As saddening as this is to say, every couple of years a scandal always comes out with the story of a well reputed male scholar and the violation of fellow Muslim sisters in the community. While this raises discussion for a multitude of topics, I am not here to place blame. I am in no right to judge anyone for their sins without a reflection of my own, and the sins of scholars are their own business with Allah and those afflicted. However, I do think that this kind of discussion should address a very important topic: We need more Muslim women scholars.

Muslim women are not denied any access to an education, contrary to western popular beliefs, but rather the basis of Islam is for both men and women to seek knowledge. Our own example is Aisha (RA), scholar and wife of the Prophet Muhammad (peace be upon him) who is accredited for narrating over two thousand Hadith and teaching many eminent scholars, as well as a leader in both society and politics.

Personally, I do not know that many Muslim women scholars with similar accreditation as many well-known male scholars in my community. This could be due to their own tendencies to stay out of the light of fame and publicity out of modesty which I can understand. This does not mean that women scholars are any less than male scholars, it just means that in many cases, male scholars are more accessible to answer certain questions women in the community may have.

This lack of access for women to women scholars is an issue I believe needs to be discussed.

I believe that encouraging more women to attain an Islamic education at the same level of our well known male scholars is necessary for more women to feel safe in asking more personal questions to scholars without having fear of crossing any boundaries. For many males in the Islamic community, their teachers are their friends. They’re able to ask any questions that come to mind without fear of judgment or immodesty, and these scholars are readily accessible to them. As a female, I cannot have this same relationship with a non-mahram male scholar. In turn, I have unanswered questions due to my lack of access to a female scholar.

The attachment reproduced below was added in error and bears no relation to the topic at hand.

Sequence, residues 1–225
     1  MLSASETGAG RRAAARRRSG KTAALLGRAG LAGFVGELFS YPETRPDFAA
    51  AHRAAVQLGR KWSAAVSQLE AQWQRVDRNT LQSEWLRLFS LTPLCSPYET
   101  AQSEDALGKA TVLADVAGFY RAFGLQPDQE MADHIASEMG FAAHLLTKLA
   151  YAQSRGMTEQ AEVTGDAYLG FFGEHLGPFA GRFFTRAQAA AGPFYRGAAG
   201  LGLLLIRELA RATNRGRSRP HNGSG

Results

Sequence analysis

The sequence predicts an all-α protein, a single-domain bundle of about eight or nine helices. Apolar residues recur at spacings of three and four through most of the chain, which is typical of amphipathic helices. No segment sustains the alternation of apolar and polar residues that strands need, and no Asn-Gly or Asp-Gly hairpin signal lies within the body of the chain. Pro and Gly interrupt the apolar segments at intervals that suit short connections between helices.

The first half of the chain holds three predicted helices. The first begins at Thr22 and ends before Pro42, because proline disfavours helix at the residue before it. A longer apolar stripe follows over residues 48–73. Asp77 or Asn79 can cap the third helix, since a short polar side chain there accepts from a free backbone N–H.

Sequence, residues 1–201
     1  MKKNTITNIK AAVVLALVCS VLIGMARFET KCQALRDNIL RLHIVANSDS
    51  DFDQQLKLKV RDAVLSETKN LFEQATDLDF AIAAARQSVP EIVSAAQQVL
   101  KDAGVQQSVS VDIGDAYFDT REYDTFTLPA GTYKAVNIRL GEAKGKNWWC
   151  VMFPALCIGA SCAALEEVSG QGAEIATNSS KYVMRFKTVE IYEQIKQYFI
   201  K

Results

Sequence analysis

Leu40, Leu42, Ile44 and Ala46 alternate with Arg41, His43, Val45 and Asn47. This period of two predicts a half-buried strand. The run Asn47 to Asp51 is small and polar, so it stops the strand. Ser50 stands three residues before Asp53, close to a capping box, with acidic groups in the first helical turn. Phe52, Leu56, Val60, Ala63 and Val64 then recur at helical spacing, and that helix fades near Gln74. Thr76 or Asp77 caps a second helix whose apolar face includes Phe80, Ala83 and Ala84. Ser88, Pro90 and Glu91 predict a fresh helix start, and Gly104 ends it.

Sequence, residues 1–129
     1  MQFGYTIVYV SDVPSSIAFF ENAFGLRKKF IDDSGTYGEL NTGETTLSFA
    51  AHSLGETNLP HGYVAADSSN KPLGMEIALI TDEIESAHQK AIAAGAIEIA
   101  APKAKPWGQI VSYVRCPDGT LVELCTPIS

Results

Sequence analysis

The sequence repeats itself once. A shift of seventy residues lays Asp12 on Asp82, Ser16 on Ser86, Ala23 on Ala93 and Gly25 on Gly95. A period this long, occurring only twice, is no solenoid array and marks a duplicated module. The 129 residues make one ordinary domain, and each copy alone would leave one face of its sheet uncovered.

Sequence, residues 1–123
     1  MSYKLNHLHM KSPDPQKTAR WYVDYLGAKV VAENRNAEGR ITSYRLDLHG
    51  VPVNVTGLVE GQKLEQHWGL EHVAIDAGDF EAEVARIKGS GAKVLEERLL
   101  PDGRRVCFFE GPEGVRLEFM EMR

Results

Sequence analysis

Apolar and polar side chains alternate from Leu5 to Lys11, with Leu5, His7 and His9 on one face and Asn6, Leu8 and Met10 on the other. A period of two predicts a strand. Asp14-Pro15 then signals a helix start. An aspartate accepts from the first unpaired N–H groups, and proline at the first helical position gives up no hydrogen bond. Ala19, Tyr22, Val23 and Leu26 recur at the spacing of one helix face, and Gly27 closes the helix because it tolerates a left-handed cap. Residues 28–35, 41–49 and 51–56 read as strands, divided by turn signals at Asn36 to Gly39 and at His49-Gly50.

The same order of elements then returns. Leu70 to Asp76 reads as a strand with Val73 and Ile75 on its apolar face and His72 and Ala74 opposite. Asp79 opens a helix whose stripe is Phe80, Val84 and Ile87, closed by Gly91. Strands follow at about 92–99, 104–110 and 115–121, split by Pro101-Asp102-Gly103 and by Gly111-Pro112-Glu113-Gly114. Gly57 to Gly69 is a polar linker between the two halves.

Yes, opposite gender interactions are not haram (forbidden) as long as the guidelines for gender interactions are followed, but women should not be afraid to gain knowledge from scholars. The sins of these scholars in question are not the focus here, nor am I trying to imply that all male scholars will have similar tendencies, but in protection of the sisters in our communities I think we need to encourage more sister scholars who will be able to answer questions just as effectively as our surrounding male scholars, without having the curious sister feeling unsafe.

By having more women scholars, this eliminates the need for Muslim women to interact with male scholars simply because of the fact that they have no other credible resources to turn to.


The views expressed in this article are the author’s own and do not necessarily reflect Chicago Monitor’s editorial policy.


1 COMMENT

  1. “Personally, I do not know that many Muslim women scholars with similar accreditation as many well-known male scholars in my community. This could be due to their own tendencies to stay out of the light of fame and publicity out of modesty which I can understand.”

    Yes sister you are 100% correct. They are here and there are many, especially in Chicago mashaAllah.

    As-Sulami Neyashaburi, the bibliographer, compiled many records of female scholars, often times highlighting their spiritual superiority over their male contemporaries through casual conversations and accounts of general living. These stories illustrate so much of goodness in pursuit of excellence that I would recommend his writings immensely.

    As to current realities regarding how we treat each other… well, one cannot have fikr without dhikr. Imams take note

LEAVE A REPLY

COMMENT VIA FACEBOOK